Analyzing traveler data is a necessary part of improving corporate travel programs, but gathering good data is not always easy.
In fact, many companies are using spotty and one-sided metrics in an attempt to evaluate the success of their travel programs, according to a report from the Association of Corporate Travel Executives in collaboration with BCD Travel. The report found that travel buyers were more likely to prioritize financial data, even though measures of traveler experiences are often just as valuable, if not more so.
Over 90 percent of managers interviewed said they used spend and savings numbers to measure travel program success, while only 52 percent said they were open to more holistic data, including trip success, traveller friction, and traveller engagement.
Compounding this problem is the fact that experiences are much harder to quantify, and companies are not always sure how to measure it.
“Unlike traditional financial measurements, these types of metrics pose a unique challenge for travel buyers – they are inherently subjective to the traveller and there isn’t a single, industry-wide definition for them,” said Miriam Moscovici, senior director of research and innovation at BCD Travel.
Almost two-thirds of travel buyers said that experiential data was difficult to measure accurately, with 29 percent saying that this data was fragmented and 21 percent saying it was unreliable. Because of this, many buyers end up drawing conclusions from disjointed and incomplete data sets, contributing to a much greater margin of error when making changes to their travel policies.
Part of this unreliability comes from the way this data is gathered. The majority of companies rely on self-reported traveler feedback, collected through post-travel surveys. This is despite the fact that many find this type of data particularly unreliable. Forty percent said such data was misleading and 33 percent said that the response rate to the surveys was often very low.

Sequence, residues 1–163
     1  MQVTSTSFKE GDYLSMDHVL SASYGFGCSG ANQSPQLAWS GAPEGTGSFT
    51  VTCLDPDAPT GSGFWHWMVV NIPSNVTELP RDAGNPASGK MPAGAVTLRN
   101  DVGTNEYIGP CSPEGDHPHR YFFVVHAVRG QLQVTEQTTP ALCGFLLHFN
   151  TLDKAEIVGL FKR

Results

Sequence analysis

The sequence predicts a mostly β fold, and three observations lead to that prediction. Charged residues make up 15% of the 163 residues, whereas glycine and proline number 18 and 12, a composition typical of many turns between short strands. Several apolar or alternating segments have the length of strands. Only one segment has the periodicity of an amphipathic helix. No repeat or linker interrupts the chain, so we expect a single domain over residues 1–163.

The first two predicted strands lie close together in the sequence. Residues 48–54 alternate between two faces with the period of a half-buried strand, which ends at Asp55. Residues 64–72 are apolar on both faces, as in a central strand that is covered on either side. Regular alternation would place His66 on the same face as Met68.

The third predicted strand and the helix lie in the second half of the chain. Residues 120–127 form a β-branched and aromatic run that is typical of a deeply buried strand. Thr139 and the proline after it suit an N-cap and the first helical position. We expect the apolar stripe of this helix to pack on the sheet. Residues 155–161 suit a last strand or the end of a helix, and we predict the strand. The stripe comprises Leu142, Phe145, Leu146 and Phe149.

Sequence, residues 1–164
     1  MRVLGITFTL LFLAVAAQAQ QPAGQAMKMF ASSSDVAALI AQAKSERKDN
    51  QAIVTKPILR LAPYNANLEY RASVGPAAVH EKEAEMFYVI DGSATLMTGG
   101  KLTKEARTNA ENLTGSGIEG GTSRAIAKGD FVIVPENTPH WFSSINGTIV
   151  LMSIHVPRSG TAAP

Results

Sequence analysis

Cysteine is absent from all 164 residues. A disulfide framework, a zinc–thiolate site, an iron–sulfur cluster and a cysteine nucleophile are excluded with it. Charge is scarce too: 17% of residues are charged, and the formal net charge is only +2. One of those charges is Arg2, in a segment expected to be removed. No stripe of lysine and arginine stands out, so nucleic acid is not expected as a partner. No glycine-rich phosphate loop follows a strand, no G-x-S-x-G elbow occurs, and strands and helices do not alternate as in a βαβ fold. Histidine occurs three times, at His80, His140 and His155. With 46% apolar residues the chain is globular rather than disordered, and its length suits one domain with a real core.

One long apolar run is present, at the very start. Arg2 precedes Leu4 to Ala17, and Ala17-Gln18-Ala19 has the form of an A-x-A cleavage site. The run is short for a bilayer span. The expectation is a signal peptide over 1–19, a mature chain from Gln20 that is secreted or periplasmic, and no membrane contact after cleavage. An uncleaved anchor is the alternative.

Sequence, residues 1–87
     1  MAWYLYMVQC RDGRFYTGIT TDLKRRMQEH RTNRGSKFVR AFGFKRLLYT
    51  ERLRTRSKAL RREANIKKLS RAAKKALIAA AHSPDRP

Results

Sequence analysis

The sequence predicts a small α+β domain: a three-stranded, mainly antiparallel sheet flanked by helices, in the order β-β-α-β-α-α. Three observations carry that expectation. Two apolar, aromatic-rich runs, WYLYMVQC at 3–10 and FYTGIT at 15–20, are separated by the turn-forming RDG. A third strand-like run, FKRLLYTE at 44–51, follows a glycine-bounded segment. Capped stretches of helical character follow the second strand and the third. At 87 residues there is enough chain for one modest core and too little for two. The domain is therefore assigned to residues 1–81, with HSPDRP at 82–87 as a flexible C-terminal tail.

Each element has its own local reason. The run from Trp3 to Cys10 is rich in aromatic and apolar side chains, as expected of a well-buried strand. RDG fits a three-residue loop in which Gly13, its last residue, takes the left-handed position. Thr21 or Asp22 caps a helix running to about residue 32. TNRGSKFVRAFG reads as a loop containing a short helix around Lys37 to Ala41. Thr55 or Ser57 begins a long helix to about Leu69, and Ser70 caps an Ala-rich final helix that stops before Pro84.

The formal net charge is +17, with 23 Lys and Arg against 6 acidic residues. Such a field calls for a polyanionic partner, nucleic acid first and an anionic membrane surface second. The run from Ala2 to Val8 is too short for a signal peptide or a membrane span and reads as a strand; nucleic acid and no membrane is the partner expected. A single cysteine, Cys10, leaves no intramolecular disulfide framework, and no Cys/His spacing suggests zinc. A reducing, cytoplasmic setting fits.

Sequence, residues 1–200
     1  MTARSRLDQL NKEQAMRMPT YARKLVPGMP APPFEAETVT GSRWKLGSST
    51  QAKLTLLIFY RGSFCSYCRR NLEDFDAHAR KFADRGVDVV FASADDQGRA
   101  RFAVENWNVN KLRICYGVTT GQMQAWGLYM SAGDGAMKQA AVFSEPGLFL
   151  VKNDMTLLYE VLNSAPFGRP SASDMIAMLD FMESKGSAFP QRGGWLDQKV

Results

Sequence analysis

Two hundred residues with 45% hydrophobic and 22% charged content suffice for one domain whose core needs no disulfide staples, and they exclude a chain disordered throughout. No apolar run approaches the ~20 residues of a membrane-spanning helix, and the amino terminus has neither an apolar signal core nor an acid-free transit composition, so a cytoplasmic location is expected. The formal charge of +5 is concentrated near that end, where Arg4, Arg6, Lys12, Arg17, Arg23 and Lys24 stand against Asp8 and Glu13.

Traveler experience is gaining increasing importance within the world of corporate travel. Over the past few years, startups such as Travelperk and TripActions have grown by emphasizing the traveler journey, aiming to make the experience of booking work travel similar to that of booking leisure travel.
Yet experiential data is notoriously hard to measure, and a similar challenge is being played out within the adjacent world of conferences and events. Planners, hoping to improve upon their meetings each year, seek to gather numbers on attendee engagement, but so far most methods are incomplete.
Despite the barriers, the majority of travel buyers acknowledged the need to measure their travel programs in a more complete way. “Travel managers are deeply committed to improving their travel programs, and generally agree on where they want to go,” the report stated. “But they still need help on how to get there.”
The study suggests that the first step to more reliable data is to build industry consensus about what a good traveler experience looks like. Once companies have these key performance indicators, they can better measure employee feedback.
“This study creates a unique opportunity for the industry to come together and transform the way we measure the quality of travel programmes,” added Leigh Bochicchio, executive director of the Association of Travel Executives. “Creating a well-framed rubric for gathering objective and subjective data will provide a more balanced view of the value and success of a corporate travel programme – and the corporate travel manager.”